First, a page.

Working definitions, subjective and objective assessments and experimental paradigms in a study exploring social withdrawal in schizophrenia and Alzheimer's disease
van der Wee NJA., Bilderbeck AC., Cabello M., Ayuso-Mateos JL., Saris IMJ., Giltay EJ., Penninx BWJH., Arango C., Post A., Porcelli S.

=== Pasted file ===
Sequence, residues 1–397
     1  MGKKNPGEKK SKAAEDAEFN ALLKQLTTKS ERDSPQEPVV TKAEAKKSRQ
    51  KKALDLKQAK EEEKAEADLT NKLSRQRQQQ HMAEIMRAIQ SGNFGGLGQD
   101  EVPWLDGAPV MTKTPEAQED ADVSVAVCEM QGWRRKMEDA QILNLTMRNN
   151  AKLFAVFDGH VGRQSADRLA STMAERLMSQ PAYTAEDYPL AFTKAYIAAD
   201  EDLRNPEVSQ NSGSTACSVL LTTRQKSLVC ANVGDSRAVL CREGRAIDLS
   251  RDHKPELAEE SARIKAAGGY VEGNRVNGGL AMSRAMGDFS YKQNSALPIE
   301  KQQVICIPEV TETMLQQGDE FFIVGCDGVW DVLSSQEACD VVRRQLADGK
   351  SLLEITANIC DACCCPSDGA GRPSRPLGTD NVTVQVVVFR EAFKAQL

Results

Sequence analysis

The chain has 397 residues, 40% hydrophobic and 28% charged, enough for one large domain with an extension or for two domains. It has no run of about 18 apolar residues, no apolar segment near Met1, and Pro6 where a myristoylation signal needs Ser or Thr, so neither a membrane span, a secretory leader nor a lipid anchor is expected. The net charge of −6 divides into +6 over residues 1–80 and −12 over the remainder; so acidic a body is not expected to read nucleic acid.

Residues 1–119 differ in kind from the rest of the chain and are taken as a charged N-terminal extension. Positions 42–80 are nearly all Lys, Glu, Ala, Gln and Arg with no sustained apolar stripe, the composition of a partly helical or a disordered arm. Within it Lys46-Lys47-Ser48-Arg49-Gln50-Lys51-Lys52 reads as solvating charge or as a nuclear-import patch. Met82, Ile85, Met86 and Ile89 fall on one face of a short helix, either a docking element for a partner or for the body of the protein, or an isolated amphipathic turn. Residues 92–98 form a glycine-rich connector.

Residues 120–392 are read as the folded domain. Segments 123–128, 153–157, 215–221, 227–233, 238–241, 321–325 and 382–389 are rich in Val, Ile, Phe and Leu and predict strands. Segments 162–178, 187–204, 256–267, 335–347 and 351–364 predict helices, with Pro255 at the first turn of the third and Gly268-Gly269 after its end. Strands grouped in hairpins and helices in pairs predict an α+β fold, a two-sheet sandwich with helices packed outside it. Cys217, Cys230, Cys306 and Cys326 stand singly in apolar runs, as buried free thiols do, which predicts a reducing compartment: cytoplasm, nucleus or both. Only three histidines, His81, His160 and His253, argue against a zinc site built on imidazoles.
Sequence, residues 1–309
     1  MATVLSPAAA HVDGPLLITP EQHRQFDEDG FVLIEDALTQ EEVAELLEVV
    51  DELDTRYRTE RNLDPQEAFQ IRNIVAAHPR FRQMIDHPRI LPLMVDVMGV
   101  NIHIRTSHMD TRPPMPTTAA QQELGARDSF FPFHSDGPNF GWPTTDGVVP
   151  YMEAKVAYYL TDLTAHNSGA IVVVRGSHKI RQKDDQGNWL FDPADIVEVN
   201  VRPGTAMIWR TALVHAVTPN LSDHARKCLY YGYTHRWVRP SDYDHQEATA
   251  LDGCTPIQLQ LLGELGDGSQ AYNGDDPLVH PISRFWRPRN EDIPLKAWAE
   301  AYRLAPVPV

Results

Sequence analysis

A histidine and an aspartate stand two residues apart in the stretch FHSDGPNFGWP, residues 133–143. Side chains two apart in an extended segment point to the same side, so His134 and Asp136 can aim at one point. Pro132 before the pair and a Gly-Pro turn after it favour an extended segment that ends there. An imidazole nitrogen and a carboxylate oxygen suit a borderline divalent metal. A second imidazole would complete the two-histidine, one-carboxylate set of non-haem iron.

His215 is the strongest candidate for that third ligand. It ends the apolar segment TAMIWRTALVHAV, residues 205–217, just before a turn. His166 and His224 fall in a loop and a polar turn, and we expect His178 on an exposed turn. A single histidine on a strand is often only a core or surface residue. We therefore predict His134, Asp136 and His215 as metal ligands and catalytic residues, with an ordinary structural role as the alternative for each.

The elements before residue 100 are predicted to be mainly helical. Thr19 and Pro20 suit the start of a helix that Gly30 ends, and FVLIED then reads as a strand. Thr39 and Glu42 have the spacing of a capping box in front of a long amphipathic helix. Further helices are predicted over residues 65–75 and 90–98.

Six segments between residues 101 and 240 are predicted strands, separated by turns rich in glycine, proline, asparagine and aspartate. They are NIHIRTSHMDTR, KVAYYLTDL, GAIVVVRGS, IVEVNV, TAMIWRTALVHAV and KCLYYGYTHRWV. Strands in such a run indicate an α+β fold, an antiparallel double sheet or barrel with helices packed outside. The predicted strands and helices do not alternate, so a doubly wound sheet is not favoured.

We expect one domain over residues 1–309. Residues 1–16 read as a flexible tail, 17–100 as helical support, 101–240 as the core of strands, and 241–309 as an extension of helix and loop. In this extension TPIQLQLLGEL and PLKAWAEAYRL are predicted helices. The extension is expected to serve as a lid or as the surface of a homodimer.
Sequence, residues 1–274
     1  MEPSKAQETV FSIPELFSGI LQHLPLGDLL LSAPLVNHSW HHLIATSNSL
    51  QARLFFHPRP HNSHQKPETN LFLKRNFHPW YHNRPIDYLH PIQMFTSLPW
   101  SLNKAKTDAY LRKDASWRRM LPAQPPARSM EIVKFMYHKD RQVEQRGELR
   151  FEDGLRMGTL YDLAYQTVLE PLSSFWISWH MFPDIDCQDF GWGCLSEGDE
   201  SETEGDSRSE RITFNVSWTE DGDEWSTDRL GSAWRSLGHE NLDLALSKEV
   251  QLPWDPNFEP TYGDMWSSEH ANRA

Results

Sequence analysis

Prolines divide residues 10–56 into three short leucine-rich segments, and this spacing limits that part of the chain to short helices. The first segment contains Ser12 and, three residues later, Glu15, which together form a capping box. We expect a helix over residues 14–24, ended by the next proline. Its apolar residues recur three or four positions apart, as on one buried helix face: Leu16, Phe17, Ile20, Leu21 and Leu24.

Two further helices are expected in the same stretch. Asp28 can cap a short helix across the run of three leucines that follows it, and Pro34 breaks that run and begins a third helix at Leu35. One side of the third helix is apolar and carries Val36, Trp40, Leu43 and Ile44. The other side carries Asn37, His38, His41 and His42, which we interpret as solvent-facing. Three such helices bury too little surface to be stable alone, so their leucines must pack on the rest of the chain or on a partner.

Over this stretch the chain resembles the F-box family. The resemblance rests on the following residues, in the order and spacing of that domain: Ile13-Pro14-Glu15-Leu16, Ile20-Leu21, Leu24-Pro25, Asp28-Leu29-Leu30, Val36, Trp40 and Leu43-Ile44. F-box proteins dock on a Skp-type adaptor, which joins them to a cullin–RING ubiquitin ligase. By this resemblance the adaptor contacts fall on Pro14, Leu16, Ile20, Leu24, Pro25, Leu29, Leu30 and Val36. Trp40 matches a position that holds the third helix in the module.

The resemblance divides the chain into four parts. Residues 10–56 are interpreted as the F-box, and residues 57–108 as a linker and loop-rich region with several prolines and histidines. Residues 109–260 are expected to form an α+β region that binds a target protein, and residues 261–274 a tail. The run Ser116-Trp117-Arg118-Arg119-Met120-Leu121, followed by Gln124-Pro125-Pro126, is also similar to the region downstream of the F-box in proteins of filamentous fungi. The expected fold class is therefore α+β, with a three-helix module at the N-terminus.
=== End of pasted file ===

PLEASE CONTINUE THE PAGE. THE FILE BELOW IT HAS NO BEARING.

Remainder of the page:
© 2018 The Authors Social withdrawal is one of the first and common signs of early social dysfunction in a number of important neuropsychiatric disorders, likely because of the enormous amount and complexity of brain processes required to initiate and maintain social relationships (Adolphs, 2009). The Psychiatric Ratings using Intermediate Stratified Markers (PRISM) project focusses on the shared and unique neurobiological basis of social withdrawal in schizophrenia, Alzheimer and depression. In this paper, we discuss the working definition of social withdrawal for this study and the selection of objective and subjective rating scales to assess social withdrawal chosen or adapted for this project. We also discuss the MRI and EEG paradigms selected to study the systems and neural circuitry thought to underlie social functioning and more particularly to be involved in social withdrawal in humans, such as the social perception and the social affiliation networks. A number of behavioral paradigms were selected to assess complementary aspects of social cognition. Also, a digital phenotyping method (a smartphone application) was chosen to obtain real-life data.